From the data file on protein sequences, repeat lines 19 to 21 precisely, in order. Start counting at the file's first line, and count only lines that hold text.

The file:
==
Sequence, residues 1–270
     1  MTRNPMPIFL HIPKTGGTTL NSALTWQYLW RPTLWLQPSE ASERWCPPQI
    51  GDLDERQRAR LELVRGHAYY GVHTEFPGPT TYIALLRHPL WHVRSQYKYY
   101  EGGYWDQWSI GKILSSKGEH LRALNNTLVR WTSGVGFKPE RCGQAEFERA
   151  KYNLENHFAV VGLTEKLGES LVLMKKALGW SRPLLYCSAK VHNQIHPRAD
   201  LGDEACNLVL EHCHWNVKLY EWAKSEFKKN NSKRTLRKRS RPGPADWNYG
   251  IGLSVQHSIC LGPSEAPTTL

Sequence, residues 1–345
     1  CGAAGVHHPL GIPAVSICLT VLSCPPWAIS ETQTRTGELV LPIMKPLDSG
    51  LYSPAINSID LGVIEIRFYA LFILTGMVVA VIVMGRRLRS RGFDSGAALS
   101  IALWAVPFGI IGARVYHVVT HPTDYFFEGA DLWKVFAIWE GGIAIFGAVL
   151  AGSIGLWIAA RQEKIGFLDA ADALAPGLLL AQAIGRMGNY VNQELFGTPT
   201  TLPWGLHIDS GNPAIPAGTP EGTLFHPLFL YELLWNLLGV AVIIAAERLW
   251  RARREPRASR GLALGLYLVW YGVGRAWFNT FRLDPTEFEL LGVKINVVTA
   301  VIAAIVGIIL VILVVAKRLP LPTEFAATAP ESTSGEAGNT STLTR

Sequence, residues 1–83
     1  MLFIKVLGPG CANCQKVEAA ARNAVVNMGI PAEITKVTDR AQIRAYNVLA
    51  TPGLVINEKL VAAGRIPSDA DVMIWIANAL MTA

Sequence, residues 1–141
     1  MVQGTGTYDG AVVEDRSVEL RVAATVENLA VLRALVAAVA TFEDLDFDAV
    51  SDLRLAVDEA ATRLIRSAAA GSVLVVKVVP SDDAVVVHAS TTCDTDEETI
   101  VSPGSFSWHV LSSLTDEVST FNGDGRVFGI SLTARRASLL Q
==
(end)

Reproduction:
Sequence, residues 1–141
     1  MVQGTGTYDG AVVEDRSVEL RVAATVENLA VLRALVAAVA TFEDLDFDAV
    51  SDLRLAVDEA ATRLIRSAAA GSVLVVKVVP SDDAVVVHAS TTCDTDEETI